In a party-line 3-2 vote, the CFTC proposed (see here) applying federal speculative position limits to 25 "core referenced futures contracts," including futures and options linked to those contracts and economically equivalent swaps. The 25 core contracts include 16 related to agriculture, five related to metals, and four related to energy. With the exception of nine of the agriculture products, the federal limits would apply only during the stop month; however, the relevant exchanges (i.e. CBOT, MGEX, ICE, COMEX and NYMEX, depending on the product) would be required to set non-spot month limits in the other contracts.
The position limits would not apply to location basis contracts, commodity index contracts, swap guarantees and certain trade options.
Hedging exemptions would be available for positions that satisfy all three of the following tests: (i) the temporary substitute text; (ii) the economically appropriate test; and (iii) the change in value requirement. The CFTC also stated that it would be open to recognizing hedges that did not meet these requirements. Exemptions from federal position limits would be available for certain types of spread transactions (e.g., calendar spreads). Other exemptions would also be available, including for positions where one company takes over the positions of a second company that is in financial distress. As a general matter, the CFTC has somewhat liberalized the process of seeking an exemption.
"Necessary" Position Limits
CEA Section 4(a)(1) provides that "excessive speculation" may create "unwarranted changes in the price" of commodities, which is an "undue and unnecessary burden on interstate commerce." Under that provision, the CFTC shall establish such rules as it finds are "necessary to diminish, eliminate or prevent such burden."
Formerly, the CFTC had taken the position that CEA Section 4(a)(2)(A) overrode the "necessary" language in Section 4(a)(1), and had directed the CFTC to establish position limits even in the absence of a finding that the limits were necessary. The new proposal requires that the CFTC find that a position limit is necessary before it may be imposed. (See page 230 of the Proposing Release.)
As detailed in the release, the CFTC had previously issued a position limits proposal in 2013, a supplemental proposal in 2016, and a 2016 reproposal. The CFTC states that that comment letters on the former proposals are no longer relevant.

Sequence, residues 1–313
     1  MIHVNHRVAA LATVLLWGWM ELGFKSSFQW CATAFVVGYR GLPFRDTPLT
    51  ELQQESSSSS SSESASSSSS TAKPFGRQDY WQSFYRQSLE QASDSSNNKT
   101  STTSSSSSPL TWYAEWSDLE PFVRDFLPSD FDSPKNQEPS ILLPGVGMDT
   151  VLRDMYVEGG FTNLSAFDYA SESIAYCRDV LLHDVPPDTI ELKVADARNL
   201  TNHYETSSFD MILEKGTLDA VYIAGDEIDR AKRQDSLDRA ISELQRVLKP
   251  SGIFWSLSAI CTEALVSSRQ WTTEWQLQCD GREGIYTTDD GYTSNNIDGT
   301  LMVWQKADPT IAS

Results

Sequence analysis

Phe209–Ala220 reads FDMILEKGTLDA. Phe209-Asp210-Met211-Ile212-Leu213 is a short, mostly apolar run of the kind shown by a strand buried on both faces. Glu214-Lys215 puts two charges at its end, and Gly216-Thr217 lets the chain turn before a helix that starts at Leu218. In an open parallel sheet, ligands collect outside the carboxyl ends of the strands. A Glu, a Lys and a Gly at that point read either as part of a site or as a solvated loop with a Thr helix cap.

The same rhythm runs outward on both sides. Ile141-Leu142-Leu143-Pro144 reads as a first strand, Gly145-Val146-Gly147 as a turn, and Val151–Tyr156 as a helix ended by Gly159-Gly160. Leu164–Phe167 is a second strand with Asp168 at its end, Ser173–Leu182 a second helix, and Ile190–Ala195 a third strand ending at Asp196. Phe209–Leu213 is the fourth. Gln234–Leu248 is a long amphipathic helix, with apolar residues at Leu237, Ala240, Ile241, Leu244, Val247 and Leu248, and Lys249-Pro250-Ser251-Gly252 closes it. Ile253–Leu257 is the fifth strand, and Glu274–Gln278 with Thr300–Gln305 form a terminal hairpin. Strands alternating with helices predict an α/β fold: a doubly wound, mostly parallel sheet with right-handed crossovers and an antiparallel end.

At a CFTC Open Commission Meeting, CFTC Chair Heath Tarbert supported the proposal for protecting Americans against "some of the most nefarious machinations" in the U.S. derivatives market by preventing "excessive speculation." Commissioner Brian Quintenz agreed, stating that the proposal "elegantly balances" the policy interests within the statute by focusing exclusively on spot-month position limits in the proposed set of physically-settled contracts. Commissioner Dawn D. Stump determined the proposal to generally be "workable for both market participants and the [CFTC]." She called for improvements on (i) the list of enumerated hedging transactions and positions, and (ii) the system for reviewing hedging practices outside of the list.
CFTC Commissioner Rostin Behnam disagreed with the proposal, claiming that it "pushes the bounds of reasonable interpretation" by deferring to exchanges and undermining Congress's intent that the CFTC set position limits even in the absence of any finding of necessity. Commissioner Dan M. Berkovitz also dissented, warning that the proposal "ignores" the Dodd-Frank Act and reverses "decades of legal interpretations of the Commodity Exchange Act" by (i) abruptly increasing position limits, (ii) not allowing the CFTC to monitor the increases, and (iii) failing to provide sufficient explanations for other "key approaches" in the proposal.
Comments must be submitted within 90 days after publishing the proposal in the Federal Register.
While there is much that will be debated in terms of the substantive requirements that the CFTC must set (including the numbers, the application to non-spot months, the reporting requirements and exemptive procedures), perhaps the most important issue relates to the proposed requirement that the CFTC should not impose a position limit in the absence of finding that such a limit is "necessary." Both sides made their statutory arguments as to why such a finding was either (i) needed (the Republicans) or (ii) irrelevant (the Democrats). Ultimately, each side favored the statutory reading that favored its philosophical position (Republicans for regulation only to the extent that the need for the regulation can be demonstrated; Democrats for regulation as a prophylactic measure to prevent potential injury). The divide is not easily bridged or settled.